SACRAMENTO — Marred by allegations of conflicts among fund managers, secretive decisions and poor investments, the $48 billion University of California Retirement System has been under fire for years. On Tuesday a lawmaker introduced a constitutional amendment proposal
that he said would help restore the system — by bringing UC employees to the table.
The proposal, Assembly Constitutional Amendment 5, would create a 13-member pension board that would be jointly governed by a mix of representatives from the faculty, staff, unions, retirees and the UC Board of Regents.
The UC pension system, which oversees the retirement funds of 160,000 employees and retirees, would be in line with other state pension systems, including California State Universities, California Community Colleges and the state government, that have employees on their retirement boards.
"This is an issue not only of fairness to UC workers and retirees," said Assemblyman Anthony Portantino, D-Pasadena, the author of the proposal, "but an issue of ensuring that this pension fund is properly managed."
A year ago, the Legislature sought, through a nonbinding resolution, to get the UC Board of Regents to establish a joint governing board on its own. The regents rebuffed the lawmakers, forcing proponents to take the difficult route of getting a two-thirds vote from both houses of the Legislature to put it on the ballot for voters to approve.
The University of California "strongly opposes" the legislation, said Wyatt Hume, provost and executive vice president of the UC system, in a June 19 letter to Portantino, adding that he thinks it would cause "grave harm" to UC's future.
The current pension plan, Hume wrote, is fully funded at more than 100 percent of its obligations, is managed by professionals who have produced "exceptional returns," and has not required employees to contribute to the fund for 17 years. UC employees, he added, already have a voice under the UCRS Advisory Board, which will soon add union-represented employees as a response to last year's legislative resolution.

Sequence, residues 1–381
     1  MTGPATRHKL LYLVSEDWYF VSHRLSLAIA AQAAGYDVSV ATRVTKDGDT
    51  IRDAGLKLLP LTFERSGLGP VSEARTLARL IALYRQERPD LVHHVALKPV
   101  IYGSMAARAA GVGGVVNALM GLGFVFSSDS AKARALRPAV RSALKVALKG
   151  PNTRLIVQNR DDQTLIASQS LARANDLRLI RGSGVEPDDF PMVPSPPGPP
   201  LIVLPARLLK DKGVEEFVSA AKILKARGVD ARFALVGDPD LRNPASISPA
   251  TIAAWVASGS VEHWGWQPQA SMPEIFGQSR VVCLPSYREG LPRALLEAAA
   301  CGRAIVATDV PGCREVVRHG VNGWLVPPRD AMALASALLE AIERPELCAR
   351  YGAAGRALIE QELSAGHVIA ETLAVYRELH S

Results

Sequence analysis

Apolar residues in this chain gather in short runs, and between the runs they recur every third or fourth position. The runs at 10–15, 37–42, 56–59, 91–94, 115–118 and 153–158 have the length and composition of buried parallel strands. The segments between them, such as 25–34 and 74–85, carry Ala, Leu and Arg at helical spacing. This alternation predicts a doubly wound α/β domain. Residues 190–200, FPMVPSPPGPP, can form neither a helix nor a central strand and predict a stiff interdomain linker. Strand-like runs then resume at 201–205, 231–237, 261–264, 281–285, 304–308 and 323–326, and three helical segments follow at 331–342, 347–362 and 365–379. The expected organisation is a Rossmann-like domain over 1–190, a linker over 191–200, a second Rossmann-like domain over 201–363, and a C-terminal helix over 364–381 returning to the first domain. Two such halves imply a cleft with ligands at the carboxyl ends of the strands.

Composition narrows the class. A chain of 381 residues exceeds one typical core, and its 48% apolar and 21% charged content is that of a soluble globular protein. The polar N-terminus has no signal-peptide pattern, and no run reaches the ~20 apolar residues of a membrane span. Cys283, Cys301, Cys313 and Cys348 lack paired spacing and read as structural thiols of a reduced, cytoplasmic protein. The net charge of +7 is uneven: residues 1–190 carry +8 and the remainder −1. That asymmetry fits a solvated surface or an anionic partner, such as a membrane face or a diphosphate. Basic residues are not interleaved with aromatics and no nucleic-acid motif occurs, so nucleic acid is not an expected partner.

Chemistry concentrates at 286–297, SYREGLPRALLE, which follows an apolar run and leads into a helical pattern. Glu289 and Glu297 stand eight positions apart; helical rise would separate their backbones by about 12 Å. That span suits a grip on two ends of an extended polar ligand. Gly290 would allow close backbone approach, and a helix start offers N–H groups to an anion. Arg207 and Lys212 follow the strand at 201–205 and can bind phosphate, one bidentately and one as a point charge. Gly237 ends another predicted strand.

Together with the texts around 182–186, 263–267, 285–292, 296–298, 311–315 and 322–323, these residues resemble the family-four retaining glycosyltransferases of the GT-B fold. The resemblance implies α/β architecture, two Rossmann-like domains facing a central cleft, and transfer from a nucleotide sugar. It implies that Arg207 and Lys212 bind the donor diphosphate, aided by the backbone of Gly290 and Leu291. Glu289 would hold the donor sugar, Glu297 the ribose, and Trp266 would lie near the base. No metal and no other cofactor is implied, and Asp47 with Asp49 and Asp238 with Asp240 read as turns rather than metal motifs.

Allowing employees to oversee their own retirement funds would create "serious conflict-of-interest issues," Hume wrote, and it could lead to the politicization of the retirement system and threaten the independence of the university's ability to run its retirement plan.
Proponents of the constitutional amendment said that while the plan is fully funded, its assets have taken a dramatic downturn in the last six years.
They point to examples of conflict of interest in which UC Retirement Plan investment advisers were reported to have undisclosed ties to investment managers with hundreds of millions of dollars in UCRP contracts.
And two years ago, the university tried unsuccessfully to force employees to pay 8 percent of their wages into the pension plan — an indicator of financial troubles.
"We're not saying we don't want to pay into it. We're saying, 'Why?' " said Lakesha Harrison, president of Local 3299 of the American Federation of State, County and Municipal Employees (AFSCME) and a licensed nurse at UCLA-Santa Monica. "UC is determining my future. I need to be a part of that. We all just want to help the pension plan."
An actuary, Venuti and Associates, hired by UC employees in 2006, questioned the UC Regents' management of the fund. The report found that the regents "did not have the benefit of projections and analyses that would constitute best practices for making this type decision" when the regents were considering restarting employee contributions.
Harrison noted that the UC Retirement Plan has had four chief investment officers since 2000, and that in 2007, three top UCRP investment professionals left, citing micromanagement by the UC treasurer and UC regents.
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